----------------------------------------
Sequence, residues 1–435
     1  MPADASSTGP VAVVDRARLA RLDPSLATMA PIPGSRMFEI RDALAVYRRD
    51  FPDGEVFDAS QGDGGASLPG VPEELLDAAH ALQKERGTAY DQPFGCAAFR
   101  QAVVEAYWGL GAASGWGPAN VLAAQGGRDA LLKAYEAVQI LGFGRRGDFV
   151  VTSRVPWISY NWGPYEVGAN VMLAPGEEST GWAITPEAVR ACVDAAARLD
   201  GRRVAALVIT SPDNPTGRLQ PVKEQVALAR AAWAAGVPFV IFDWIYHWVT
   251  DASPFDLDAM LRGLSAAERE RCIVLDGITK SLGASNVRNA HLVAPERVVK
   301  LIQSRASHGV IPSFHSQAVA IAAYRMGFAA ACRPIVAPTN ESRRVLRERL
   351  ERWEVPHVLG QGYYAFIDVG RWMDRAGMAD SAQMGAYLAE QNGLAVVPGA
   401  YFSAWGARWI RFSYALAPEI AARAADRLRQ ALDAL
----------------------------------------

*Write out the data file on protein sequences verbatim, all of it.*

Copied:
Sequence, residues 1–435
     1  MPADASSTGP VAVVDRARLA RLDPSLATMA PIPGSRMFEI RDALAVYRRD
    51  FPDGEVFDAS QGDGGASLPG VPEELLDAAH ALQKERGTAY DQPFGCAAFR
   101  QAVVEAYWGL GAASGWGPAN VLAAQGGRDA LLKAYEAVQI LGFGRRGDFV
   151  VTSRVPWISY NWGPYEVGAN VMLAPGEEST GWAITPEAVR ACVDAAARLD
   201  GRRVAALVIT SPDNPTGRLQ PVKEQVALAR AAWAAGVPFV IFDWIYHWVT
   251  DASPFDLDAM LRGLSAAERE RCIVLDGITK SLGASNVRNA HLVAPERVVK
   301  LIQSRASHGV IPSFHSQAVA IAAYRMGFAA ACRPIVAPTN ESRRVLRERL
   351  ERWEVPHVLG QGYYAFIDVG RWMDRAGMAD SAQMGAYLAE QNGLAVVPGA
   401  YFSAWGARWI RFSYALAPEI AARAADRLRQ ALDAL